Despite initial criticism about the Coronavirus testing in the U.S., the country has made a lot of progress in scaling up the testing abilities in May. But healthcare experts have raised questions that whether some of the testing data can really be trusted.
As per the data from the COVID Tracking Project, in the U.S., there were almost 380,000 tests a day over the week of May 14 which is still not the 500,000 a day that many experts say is necessary. But several states are, deliberately or not, inflating their Coronavirus testing numbers by including two different types of tests which as per the experts should be separated out.
As per the Atlantic, only a few states, including Pennsylvania, Georgia, and Texas are confirmed to be doing this. This is something that creates confusion and makes it hard to gauge whether these states are ready to reopen the economies.
States inflating Coronavirus Testing Numbers
The testing numbers are usually being measured based on the number of diagnostic tests on a daily basis. Diagnostic tests help to measure whether a person has COVID-19 in the system and is sick right at the moment of the test. Some of the states' counts include antibody tests, which check if a person ever developed antibodies to the Coronavirus to see if he or she has ever been sick in the past. This is a way for states to calculate the numbers but accuracy could be an issue as antibody tests are generally less precise, and timeliness.
The antibody tests can not reveal if someone is sick at the moment of the test which is different from diagnostic ones. Pia MacDonald, an epidemiologist at the research institute RTI International told Vox that "We need to understand that there is a new case of a new disease happening in our community," and added that "There are public health interventions that need to happen around that."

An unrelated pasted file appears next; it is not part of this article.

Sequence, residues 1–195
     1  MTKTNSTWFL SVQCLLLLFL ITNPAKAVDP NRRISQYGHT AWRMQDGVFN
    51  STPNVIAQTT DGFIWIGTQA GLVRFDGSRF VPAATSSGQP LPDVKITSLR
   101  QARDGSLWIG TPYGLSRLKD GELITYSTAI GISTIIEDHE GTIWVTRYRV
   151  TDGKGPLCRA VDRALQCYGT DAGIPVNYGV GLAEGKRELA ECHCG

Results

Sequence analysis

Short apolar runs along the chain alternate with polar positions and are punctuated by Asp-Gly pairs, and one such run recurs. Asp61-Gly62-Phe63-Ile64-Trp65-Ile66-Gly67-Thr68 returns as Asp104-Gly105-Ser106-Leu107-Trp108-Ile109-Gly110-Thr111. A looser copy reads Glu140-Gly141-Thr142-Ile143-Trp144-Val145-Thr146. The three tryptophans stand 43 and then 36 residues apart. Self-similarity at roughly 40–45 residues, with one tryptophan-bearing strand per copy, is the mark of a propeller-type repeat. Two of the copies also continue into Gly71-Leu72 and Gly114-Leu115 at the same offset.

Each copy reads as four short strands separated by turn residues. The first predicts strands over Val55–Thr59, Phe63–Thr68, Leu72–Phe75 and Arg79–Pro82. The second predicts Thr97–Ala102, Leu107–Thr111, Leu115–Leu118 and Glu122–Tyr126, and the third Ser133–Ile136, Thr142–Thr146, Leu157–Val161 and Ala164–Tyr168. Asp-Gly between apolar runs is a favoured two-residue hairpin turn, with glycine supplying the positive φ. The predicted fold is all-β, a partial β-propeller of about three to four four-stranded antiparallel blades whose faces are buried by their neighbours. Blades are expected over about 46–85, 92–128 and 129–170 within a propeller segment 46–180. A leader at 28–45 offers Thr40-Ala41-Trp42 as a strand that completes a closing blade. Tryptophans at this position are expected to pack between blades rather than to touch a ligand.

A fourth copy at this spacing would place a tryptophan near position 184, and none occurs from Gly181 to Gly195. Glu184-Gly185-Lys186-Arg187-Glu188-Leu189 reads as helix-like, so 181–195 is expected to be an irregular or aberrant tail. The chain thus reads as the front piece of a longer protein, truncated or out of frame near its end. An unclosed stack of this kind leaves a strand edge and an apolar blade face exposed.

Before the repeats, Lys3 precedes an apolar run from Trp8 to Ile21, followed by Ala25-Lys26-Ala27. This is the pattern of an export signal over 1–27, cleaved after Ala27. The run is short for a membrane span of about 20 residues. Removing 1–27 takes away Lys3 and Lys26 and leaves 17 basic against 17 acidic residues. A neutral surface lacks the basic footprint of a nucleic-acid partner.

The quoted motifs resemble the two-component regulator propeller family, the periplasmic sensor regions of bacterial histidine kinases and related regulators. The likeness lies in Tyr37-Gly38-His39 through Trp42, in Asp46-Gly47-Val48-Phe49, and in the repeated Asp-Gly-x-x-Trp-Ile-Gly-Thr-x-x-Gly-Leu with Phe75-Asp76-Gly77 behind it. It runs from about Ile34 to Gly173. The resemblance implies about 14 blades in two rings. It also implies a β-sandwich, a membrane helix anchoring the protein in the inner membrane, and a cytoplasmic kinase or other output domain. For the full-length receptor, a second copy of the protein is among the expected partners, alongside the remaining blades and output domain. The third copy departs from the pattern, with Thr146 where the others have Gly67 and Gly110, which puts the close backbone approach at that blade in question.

As per the experts, states should separate out diagnostic and antibody tests in their counts which can truly reveal the scenario of Coronavirus in regions. In this case MacDonald claims that "Both of [the tests] are useful, but you can't put them together."
It was reported by the Atlantic that Virginia was "blending the results of two different types of Coronavirus tests in order to report a more favorable result to the public." Later it was revealed that Georgia, Pennsylvania, Texas, and Vermont were also doing the same, as well as the country's Centers for Disease Control and Prevention (CDC) at the federal level. However, Virginia stopped mixing up the tests.
At a press conference with the governor, Vermont officials stated that "they didn't know they were -- they were just publishing numbers from testing sites that were adding em in," mentioned in a tweet.
It should be understood that by separating two tests, it will be easier for the states to isolate their Coronavirus preparedness in the present by counting their diagnostic tests, while separately pointing out the overall impact of COVID-19 on the state population via antibody tests. But the mix-up is making it hard to know if the states are really ready to reopen their economies.
Testing is the major part to ensure that the U.S. is ready to restart the engine and has control over the Coronavirus pandemic that infected 1,577,758 Americans and killed 94,729 people in the country.
Along with contact tracing, COVID-19 testing allows the officials in the U.S. to understand the scale of the outbreak in specific regions, isolate sick people, quarantine those who came in contact with infected people, and structure new strategies to safeguard the citizens. These two combinations- testing and contact tracing- helped countries like South Korea and Germany to control the outbreak and reopen the economies.
At this time when in one hand it can be noticed that the testing numbers in the U.S. seem to be improving, the issues related to the mix up of two different tests fuels questions like how much of that improvement is real and how can we be so sure that any particular state is ready to open.